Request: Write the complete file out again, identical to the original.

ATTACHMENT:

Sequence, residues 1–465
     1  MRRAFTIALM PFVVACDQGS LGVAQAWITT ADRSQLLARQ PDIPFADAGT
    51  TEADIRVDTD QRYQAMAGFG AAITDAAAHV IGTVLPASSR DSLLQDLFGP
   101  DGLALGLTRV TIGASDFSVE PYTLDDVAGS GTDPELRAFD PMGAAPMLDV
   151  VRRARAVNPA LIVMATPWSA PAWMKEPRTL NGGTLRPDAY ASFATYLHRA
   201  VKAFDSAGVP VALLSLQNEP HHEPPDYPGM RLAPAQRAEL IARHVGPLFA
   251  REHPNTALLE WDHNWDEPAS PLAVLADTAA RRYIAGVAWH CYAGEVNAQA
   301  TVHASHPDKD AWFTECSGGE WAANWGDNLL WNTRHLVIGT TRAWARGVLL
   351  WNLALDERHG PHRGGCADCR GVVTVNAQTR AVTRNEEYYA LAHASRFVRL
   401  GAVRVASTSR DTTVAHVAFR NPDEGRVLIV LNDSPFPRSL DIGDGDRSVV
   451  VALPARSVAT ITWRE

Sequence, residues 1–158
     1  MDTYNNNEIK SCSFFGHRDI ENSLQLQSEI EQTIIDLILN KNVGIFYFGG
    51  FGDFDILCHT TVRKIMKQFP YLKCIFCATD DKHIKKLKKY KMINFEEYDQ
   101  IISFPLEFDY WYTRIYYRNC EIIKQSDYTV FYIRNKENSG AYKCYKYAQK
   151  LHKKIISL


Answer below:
Sequence, residues 1–465
     1  MRRAFTIALM PFVVACDQGS LGVAQAWITT ADRSQLLARQ PDIPFADAGT
    51  TEADIRVDTD QRYQAMAGFG AAITDAAAHV IGTVLPASSR DSLLQDLFGP
   101  DGLALGLTRV TIGASDFSVE PYTLDDVAGS GTDPELRAFD PMGAAPMLDV
   151  VRRARAVNPA LIVMATPWSA PAWMKEPRTL NGGTLRPDAY ASFATYLHRA
   201  VKAFDSAGVP VALLSLQNEP HHEPPDYPGM RLAPAQRAEL IARHVGPLFA
   251  REHPNTALLE WDHNWDEPAS PLAVLADTAA RRYIAGVAWH CYAGEVNAQA
   301  TVHASHPDKD AWFTECSGGE WAANWGDNLL WNTRHLVIGT TRAWARGVLL
   351  WNLALDERHG PHRGGCADCR GVVTVNAQTR AVTRNEEYYA LAHASRFVRL
   401  GAVRVASTSR DTTVAHVAFR NPDEGRVLIV LNDSPFPRSL DIGDGDRSVV
   451  VALPARSVAT ITWRE

Sequence, residues 1–158
     1  MDTYNNNEIK SCSFFGHRDI ENSLQLQSEI EQTIIDLILN KNVGIFYFGG
    51  FGDFDILCHT TVRKIMKQFP YLKCIFCATD DKHIKKLKKY KMINFEEYDQ
   101  IISFPLEFDY WYTRIYYRNC EIIKQSDYTV FYIRNKENSG AYKCYKYAQK
   151  LHKKIISL